After the Civil War and emancipation, freed men and women struggled to find work and make a new life for their families. The songs about these difficult times were called the blues, a musical style that grew out of the work songs and spirituals that Africans sang on plantations. The blues used a new call-and-response form known as the A, A, B pattern--the first verse (A) and second verse (A) are the same and the final verse (B) is different. The words to the song, also known as the lyrics, are accompanied by basic chords.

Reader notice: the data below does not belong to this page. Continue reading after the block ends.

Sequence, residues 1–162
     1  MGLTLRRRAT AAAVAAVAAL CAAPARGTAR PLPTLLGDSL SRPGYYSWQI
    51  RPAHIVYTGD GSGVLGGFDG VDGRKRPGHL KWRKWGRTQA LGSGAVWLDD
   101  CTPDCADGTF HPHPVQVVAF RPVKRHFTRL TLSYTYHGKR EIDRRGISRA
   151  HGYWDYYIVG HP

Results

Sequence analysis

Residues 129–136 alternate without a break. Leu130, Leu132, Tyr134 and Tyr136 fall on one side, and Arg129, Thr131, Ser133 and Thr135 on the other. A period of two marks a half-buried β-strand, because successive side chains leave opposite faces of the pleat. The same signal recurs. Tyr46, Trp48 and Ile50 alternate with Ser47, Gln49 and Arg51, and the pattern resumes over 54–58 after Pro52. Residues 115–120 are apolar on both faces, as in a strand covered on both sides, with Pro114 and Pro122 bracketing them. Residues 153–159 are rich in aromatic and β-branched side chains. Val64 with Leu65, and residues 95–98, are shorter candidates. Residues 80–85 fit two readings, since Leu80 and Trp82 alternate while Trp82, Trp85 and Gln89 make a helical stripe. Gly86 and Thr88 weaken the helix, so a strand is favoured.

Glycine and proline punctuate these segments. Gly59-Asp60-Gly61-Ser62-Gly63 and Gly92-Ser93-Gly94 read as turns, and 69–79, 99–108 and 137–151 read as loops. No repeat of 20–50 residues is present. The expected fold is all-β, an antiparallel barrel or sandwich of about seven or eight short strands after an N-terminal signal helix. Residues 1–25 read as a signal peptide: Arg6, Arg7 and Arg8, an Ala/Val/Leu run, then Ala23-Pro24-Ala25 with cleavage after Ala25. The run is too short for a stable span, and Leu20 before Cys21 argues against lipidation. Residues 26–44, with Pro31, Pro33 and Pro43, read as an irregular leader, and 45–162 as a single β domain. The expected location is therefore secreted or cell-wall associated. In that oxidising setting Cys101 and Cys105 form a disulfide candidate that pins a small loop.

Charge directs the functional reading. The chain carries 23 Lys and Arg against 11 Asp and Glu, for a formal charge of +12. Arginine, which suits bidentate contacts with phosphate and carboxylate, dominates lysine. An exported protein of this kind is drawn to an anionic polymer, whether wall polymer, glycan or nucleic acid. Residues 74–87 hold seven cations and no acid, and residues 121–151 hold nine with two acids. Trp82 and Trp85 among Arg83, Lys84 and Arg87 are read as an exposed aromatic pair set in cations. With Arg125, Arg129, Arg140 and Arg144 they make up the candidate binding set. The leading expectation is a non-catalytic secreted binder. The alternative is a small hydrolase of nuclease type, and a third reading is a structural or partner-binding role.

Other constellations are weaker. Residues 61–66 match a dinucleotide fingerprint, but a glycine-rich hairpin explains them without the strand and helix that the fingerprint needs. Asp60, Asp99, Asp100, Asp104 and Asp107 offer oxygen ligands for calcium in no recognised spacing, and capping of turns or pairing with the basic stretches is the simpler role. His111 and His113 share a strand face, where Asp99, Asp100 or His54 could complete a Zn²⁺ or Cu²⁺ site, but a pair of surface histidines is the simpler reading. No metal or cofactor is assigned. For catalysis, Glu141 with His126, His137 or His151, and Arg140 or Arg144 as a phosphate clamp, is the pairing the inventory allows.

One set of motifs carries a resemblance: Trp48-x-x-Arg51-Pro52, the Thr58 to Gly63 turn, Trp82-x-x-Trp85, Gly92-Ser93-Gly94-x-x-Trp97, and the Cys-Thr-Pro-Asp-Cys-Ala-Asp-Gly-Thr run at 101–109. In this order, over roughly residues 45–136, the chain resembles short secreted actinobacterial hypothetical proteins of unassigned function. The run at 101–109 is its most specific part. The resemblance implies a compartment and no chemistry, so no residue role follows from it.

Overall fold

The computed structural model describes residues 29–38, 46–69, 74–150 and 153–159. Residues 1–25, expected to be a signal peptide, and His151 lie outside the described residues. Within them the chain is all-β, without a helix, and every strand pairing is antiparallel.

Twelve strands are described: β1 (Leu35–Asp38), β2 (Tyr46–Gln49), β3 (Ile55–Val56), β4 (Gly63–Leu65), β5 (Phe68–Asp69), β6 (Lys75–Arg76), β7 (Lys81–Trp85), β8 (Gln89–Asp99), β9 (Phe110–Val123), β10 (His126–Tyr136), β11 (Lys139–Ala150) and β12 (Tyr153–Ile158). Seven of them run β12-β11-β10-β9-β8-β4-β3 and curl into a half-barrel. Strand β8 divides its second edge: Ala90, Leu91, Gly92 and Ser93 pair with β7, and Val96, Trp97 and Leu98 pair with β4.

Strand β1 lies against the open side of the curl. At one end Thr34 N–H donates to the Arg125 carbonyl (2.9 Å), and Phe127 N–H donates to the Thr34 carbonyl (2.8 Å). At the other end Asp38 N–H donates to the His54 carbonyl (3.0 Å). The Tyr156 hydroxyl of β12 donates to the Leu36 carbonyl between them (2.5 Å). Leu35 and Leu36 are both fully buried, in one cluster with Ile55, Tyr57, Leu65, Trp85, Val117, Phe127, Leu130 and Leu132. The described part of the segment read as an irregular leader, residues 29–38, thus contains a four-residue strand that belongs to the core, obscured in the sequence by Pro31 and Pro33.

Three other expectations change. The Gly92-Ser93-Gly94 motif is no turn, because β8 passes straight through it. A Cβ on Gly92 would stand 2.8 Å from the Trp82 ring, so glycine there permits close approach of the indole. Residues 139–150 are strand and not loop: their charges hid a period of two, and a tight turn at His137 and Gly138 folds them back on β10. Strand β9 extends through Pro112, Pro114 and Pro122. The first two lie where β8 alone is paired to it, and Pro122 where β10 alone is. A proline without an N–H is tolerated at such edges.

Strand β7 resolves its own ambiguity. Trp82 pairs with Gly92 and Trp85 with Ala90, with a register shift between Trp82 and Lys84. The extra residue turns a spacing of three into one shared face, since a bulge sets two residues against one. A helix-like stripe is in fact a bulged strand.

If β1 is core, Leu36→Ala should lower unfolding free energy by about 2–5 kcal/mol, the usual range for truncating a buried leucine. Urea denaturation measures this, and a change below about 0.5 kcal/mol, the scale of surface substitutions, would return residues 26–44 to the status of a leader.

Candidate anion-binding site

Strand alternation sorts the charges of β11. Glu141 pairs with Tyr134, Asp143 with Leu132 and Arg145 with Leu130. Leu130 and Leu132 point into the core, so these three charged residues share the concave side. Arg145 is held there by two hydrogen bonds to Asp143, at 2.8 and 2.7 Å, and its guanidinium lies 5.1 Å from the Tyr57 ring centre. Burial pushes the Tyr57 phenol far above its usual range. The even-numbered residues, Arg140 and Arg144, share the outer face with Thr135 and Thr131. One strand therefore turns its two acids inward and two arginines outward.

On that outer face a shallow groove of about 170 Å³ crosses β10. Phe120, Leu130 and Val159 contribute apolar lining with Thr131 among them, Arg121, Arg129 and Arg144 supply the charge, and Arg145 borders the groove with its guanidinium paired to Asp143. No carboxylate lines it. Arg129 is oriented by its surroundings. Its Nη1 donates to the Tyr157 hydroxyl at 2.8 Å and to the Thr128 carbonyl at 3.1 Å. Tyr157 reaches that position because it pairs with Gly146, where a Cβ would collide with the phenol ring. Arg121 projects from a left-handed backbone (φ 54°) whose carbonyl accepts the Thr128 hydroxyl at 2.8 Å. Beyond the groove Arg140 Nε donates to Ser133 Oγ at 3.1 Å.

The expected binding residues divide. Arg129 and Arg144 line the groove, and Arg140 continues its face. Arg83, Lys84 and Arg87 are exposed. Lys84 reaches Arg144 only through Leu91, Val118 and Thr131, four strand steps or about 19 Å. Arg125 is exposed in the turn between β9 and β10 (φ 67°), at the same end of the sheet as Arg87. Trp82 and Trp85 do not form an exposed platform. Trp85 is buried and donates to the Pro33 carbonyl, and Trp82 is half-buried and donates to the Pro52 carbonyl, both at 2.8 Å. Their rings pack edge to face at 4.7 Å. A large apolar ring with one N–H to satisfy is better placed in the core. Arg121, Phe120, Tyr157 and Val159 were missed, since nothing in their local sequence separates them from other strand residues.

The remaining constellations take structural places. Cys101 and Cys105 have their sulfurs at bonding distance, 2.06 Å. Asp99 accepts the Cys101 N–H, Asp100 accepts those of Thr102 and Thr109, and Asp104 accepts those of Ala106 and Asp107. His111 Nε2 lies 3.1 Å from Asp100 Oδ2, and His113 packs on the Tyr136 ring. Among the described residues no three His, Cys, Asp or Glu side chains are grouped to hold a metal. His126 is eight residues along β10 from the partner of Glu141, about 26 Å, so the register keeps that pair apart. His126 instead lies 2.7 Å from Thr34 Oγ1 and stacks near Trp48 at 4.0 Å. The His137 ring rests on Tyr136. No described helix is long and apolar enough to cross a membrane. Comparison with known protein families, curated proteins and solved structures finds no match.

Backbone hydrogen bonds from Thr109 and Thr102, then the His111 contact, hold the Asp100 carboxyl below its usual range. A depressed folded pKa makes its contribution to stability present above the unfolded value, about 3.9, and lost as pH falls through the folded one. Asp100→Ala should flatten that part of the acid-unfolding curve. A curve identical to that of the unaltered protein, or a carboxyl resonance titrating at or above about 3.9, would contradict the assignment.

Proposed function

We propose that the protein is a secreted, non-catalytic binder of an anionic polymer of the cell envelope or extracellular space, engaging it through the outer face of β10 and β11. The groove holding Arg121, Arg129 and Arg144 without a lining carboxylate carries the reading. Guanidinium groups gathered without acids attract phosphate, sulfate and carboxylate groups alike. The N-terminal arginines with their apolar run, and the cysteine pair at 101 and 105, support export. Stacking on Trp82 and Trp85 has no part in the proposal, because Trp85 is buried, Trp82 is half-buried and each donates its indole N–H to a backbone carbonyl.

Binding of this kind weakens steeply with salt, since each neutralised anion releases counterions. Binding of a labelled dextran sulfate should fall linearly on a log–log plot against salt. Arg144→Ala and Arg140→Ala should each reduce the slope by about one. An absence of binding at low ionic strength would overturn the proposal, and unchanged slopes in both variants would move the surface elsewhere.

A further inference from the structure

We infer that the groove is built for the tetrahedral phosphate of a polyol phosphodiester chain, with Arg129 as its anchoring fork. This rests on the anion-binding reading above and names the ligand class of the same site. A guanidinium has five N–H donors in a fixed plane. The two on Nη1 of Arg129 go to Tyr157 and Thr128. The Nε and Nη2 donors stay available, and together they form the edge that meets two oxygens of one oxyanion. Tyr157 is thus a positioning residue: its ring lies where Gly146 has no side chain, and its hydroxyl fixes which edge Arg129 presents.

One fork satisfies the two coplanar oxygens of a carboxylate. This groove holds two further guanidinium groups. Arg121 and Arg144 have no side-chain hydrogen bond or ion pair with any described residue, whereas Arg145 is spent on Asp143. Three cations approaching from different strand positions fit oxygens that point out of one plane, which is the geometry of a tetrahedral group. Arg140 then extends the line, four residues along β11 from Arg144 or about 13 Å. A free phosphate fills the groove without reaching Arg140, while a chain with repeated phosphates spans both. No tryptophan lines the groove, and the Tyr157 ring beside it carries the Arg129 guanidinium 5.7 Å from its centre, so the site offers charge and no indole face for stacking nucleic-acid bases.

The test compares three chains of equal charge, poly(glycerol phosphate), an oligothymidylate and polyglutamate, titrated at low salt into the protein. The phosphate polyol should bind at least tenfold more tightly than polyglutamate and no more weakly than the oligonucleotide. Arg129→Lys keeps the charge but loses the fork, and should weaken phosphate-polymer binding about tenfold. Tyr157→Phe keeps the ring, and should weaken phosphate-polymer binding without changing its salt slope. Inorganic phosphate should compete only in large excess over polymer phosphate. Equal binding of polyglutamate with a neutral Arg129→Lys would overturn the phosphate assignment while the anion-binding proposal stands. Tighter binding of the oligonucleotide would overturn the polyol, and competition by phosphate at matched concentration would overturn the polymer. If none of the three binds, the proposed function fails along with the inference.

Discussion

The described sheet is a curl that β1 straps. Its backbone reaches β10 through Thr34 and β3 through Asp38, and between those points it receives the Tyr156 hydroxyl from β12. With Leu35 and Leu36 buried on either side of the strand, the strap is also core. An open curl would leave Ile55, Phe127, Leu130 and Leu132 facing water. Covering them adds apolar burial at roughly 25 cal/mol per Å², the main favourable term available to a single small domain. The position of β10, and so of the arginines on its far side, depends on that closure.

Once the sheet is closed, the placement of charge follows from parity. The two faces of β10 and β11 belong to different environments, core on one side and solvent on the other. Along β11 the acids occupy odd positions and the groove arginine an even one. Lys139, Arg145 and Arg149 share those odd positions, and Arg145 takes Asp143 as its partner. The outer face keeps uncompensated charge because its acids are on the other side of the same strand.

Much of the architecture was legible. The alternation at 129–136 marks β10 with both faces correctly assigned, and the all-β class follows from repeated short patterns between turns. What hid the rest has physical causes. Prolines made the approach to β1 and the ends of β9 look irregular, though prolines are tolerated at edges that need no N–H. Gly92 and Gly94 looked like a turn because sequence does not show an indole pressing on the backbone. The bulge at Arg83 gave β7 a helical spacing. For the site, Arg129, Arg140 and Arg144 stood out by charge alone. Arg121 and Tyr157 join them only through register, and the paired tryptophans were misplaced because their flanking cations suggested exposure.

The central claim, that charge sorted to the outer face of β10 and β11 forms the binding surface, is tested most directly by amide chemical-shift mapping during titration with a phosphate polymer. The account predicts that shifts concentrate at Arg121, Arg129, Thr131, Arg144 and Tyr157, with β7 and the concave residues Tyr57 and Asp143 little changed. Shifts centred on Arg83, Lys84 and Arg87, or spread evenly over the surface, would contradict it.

People are able to improvise with their lyrics, voices and instruments like the piano, banjo, guitar and harmonica. The blue note on the blues scale is sung or played flat. People used the same basic model to create many blues styles. Music historians trace the early blues to the Mississippi Delta region but South Carolina was also a part of the southern blues tradition. As African Americans migrated north, the blues became popular in cities like Chicago.